When I joined IBM, I determined that it was important to systematize the language and the knowledge around the three pillars, so I’ve written three books. One was about innovation in investment management methodology, the second (very successful book) was about innovation in financial technology, and the third, which will be released in a couple of months, is about business model innovation within a regulatory framework. These books have been beneficial to me because they give me credibility and help substantiate my conversations much more.

To be eminent, you need to create content that is deep, yet simple to understand by your counterparts. Because IBM is a global company, I’ve had the opportunity to work in every region. People say that the U.S. is very advanced technologically, Europe owns regulation, and Asia owns the business model. By sourcing knowledge I’ve gained across IBM and talking to clients worldwide, I’ve been able to validate my views about all of the topics combined.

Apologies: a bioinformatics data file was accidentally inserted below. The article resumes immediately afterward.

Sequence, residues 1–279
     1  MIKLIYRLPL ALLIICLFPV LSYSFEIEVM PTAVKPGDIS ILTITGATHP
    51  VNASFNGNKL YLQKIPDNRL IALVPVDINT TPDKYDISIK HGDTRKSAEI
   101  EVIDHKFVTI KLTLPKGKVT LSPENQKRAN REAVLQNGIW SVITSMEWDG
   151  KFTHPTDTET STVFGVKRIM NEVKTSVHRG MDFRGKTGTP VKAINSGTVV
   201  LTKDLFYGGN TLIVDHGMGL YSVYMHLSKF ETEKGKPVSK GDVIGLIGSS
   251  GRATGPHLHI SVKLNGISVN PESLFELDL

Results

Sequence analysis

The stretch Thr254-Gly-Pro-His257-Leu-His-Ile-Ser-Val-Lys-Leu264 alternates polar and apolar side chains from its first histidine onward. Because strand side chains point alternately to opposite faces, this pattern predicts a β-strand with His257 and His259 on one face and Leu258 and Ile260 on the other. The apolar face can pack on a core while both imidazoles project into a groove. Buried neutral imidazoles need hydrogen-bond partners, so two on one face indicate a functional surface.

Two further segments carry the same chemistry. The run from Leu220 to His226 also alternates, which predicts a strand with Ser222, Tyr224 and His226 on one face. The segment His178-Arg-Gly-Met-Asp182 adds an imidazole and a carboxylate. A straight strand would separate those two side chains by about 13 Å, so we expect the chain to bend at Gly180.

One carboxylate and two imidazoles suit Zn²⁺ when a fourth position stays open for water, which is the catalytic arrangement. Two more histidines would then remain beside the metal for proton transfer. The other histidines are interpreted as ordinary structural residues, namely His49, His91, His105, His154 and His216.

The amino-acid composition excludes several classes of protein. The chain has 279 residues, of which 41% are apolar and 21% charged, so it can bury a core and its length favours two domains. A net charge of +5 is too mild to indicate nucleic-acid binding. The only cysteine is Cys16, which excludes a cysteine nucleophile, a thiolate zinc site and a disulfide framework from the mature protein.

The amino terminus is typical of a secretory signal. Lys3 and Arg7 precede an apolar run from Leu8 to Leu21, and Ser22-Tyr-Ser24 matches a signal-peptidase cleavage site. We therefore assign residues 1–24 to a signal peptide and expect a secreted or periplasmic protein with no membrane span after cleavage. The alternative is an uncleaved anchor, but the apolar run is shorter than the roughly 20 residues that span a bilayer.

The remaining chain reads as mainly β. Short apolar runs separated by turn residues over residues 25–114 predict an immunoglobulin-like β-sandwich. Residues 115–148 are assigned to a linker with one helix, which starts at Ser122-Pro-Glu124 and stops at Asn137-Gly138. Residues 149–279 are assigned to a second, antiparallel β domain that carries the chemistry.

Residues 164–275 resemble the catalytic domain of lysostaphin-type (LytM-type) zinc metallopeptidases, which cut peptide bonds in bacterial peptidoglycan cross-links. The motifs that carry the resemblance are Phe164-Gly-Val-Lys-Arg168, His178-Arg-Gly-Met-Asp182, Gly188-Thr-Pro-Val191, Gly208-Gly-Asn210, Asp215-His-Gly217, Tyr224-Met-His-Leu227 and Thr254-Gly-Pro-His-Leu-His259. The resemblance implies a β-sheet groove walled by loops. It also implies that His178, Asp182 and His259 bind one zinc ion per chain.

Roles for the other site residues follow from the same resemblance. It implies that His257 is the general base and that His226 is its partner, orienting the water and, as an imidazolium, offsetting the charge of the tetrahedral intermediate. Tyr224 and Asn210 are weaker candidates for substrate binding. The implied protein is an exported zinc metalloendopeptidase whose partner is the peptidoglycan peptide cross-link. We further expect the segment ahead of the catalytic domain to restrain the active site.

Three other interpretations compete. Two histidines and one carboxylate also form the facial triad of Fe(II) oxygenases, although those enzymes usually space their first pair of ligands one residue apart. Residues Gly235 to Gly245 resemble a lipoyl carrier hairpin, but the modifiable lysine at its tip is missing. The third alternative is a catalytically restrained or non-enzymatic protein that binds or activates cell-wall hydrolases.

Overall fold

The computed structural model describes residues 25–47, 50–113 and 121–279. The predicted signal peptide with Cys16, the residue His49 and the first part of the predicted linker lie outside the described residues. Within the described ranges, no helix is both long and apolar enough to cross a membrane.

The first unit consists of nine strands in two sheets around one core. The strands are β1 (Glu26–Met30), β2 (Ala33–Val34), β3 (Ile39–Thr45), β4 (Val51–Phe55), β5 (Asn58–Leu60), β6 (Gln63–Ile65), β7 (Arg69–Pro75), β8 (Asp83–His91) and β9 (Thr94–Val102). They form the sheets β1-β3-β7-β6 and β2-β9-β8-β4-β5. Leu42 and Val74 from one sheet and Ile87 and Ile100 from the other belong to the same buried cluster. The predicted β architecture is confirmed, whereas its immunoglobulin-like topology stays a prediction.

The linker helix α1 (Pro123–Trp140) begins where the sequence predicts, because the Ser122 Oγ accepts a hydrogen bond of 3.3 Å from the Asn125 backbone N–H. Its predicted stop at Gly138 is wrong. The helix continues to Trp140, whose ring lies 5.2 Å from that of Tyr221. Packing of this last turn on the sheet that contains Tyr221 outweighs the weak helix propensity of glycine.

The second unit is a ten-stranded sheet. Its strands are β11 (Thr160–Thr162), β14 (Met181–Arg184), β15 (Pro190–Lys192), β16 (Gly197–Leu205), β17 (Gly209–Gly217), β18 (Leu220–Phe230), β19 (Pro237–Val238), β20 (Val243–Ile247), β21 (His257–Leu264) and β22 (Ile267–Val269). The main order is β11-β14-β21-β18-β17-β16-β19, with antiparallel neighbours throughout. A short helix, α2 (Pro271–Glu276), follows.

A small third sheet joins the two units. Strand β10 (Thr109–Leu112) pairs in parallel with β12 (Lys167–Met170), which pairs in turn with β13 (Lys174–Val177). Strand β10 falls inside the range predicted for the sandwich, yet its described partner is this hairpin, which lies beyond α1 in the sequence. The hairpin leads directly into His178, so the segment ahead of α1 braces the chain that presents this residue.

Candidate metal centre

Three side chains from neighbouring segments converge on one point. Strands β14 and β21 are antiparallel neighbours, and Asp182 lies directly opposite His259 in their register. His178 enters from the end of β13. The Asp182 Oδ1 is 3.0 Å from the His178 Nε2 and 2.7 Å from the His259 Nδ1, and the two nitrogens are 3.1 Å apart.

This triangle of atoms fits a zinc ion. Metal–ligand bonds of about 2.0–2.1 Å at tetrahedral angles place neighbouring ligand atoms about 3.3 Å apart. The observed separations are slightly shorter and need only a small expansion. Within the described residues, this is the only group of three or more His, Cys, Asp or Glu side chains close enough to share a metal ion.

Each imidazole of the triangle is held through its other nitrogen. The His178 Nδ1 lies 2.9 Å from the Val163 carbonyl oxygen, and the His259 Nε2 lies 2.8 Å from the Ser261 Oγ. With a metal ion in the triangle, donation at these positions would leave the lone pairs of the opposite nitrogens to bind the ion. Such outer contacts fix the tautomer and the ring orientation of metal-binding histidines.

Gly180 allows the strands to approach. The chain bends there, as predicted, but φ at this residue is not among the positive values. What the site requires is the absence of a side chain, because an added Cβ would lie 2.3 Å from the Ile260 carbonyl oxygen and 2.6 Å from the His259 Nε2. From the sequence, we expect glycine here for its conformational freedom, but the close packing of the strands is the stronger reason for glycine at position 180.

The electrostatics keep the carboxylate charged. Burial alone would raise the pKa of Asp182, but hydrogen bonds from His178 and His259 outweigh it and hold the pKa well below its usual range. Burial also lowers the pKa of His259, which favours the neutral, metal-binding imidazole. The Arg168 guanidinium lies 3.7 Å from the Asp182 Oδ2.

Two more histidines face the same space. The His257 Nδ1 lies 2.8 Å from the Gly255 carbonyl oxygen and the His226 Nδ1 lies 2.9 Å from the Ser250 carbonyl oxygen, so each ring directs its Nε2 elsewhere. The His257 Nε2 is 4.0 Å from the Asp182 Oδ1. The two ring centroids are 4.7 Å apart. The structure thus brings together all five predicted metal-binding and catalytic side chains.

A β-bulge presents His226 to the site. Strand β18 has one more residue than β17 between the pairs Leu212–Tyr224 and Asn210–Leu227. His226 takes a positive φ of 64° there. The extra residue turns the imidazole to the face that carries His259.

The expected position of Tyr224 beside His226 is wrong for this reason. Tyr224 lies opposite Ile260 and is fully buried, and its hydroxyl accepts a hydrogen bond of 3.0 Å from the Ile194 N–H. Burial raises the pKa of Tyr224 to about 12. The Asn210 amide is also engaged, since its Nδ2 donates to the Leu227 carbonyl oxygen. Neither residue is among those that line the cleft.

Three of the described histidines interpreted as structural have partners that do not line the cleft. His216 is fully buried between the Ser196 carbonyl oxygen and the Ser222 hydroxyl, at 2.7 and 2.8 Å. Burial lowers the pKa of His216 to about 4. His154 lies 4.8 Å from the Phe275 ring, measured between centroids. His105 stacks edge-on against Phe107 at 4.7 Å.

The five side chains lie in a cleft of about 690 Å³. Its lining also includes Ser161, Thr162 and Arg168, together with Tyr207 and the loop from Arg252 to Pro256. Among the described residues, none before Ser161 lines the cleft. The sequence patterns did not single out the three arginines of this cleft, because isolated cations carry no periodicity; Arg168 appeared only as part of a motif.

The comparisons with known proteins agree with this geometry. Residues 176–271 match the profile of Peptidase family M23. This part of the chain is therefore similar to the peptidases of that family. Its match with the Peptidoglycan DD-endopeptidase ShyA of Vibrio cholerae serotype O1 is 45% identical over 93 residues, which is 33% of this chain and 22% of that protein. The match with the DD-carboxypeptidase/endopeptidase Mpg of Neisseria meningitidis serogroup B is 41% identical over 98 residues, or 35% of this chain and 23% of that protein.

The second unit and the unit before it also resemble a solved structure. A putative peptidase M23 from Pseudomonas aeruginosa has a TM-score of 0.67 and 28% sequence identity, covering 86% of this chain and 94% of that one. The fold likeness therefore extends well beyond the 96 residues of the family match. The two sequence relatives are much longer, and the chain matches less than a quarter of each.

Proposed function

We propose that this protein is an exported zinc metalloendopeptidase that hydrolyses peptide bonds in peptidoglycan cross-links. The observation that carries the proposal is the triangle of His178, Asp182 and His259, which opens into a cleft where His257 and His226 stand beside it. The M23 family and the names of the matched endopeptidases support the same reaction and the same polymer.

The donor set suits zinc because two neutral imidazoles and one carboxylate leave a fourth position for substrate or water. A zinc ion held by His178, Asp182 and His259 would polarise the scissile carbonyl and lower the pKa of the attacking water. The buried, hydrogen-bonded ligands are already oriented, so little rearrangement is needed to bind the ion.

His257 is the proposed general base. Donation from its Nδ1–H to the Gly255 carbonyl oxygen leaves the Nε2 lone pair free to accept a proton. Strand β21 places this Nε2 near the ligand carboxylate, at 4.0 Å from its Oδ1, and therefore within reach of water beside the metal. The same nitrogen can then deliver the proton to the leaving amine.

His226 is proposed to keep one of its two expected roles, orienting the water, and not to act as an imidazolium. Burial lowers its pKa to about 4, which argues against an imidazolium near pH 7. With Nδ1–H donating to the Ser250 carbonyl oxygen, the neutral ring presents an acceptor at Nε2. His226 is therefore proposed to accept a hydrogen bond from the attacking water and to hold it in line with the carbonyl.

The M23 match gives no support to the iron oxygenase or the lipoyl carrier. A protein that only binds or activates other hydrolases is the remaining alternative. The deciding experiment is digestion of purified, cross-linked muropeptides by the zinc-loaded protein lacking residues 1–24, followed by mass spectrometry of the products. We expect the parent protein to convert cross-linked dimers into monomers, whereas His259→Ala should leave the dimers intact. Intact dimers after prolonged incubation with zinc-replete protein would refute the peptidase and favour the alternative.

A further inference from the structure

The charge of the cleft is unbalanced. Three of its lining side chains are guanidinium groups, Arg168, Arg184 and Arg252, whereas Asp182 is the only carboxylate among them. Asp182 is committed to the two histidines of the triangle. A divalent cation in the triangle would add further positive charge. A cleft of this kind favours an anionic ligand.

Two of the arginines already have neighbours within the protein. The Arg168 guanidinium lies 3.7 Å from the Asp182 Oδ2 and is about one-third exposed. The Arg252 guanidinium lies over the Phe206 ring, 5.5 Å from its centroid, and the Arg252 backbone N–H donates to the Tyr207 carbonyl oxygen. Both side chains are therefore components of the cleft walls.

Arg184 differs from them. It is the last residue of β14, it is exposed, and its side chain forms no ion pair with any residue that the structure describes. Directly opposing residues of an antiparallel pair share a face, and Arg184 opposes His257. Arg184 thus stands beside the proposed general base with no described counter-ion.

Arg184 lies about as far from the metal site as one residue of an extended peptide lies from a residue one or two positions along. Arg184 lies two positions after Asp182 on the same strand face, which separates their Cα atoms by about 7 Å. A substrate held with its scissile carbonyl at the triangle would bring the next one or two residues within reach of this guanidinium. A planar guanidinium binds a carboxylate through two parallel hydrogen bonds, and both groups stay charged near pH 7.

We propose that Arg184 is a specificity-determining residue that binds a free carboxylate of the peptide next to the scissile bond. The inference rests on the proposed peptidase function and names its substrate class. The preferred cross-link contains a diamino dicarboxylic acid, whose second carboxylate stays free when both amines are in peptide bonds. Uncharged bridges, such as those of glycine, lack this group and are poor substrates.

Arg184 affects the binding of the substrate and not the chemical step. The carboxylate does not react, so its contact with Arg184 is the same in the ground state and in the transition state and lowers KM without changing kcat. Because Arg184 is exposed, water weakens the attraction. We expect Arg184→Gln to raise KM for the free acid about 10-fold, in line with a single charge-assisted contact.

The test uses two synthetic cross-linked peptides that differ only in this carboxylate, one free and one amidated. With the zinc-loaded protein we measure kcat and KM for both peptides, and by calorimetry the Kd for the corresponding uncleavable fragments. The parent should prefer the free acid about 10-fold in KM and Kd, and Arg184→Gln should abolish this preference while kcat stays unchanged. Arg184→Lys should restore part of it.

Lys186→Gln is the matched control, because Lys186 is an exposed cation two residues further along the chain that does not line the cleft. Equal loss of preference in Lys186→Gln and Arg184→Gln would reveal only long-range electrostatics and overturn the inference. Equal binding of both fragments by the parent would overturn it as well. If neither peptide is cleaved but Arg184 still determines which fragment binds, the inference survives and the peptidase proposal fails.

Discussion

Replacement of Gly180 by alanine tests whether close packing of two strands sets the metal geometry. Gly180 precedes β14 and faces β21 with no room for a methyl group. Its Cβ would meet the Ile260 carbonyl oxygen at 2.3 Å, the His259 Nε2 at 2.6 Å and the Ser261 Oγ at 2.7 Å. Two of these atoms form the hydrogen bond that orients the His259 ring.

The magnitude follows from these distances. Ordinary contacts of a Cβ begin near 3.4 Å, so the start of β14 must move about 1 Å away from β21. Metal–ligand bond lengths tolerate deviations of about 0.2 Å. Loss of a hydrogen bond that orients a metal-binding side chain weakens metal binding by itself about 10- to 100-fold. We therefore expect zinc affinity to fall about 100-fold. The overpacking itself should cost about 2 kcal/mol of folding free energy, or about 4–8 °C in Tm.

Let’s talk about your digital footprint—specifically your website and social media presence. How does this activity contribute to your eminence?

Blogging can be labor-intensive, but it makes sense to be where people are talking. On my personal website, I collect important pieces of information, and I can always refer people back to it for more. But most of my conversations are on LinkedIn, as well as Twitter and Facebook. I feel that more decision makers are on LinkedIn; it allows you to convey more of your message, and it’s more clearly linked with your professional identity.